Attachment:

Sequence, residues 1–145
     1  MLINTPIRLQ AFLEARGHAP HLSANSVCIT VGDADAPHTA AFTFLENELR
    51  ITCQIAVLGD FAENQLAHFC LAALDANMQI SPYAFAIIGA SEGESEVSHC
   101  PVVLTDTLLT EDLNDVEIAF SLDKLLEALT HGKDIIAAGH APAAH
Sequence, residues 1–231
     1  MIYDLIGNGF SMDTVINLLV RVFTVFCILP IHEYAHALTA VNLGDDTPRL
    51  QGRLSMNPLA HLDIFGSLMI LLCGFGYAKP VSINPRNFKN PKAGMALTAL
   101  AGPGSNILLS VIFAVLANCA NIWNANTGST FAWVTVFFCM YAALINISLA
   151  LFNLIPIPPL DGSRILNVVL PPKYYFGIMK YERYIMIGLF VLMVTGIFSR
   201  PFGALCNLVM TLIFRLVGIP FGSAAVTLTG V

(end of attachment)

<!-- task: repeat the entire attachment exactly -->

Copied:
Sequence, residues 1–145
     1  MLINTPIRLQ AFLEARGHAP HLSANSVCIT VGDADAPHTA AFTFLENELR
    51  ITCQIAVLGD FAENQLAHFC LAALDANMQI SPYAFAIIGA SEGESEVSHC
   101  PVVLTDTLLT EDLNDVEIAF SLDKLLEALT HGKDIIAAGH APAAH
Sequence, residues 1–231
     1  MIYDLIGNGF SMDTVINLLV RVFTVFCILP IHEYAHALTA VNLGDDTPRL
    51  QGRLSMNPLA HLDIFGSLMI LLCGFGYAKP VSINPRNFKN PKAGMALTAL
   101  AGPGSNILLS VIFAVLANCA NIWNANTGST FAWVTVFFCM YAALINISLA
   151  LFNLIPIPPL DGSRILNVVL PPKYYFGIMK YERYIMIGLF VLMVTGIFSR
   201  PFGALCNLVM TLIFRLVGIP FGSAAVTLTG V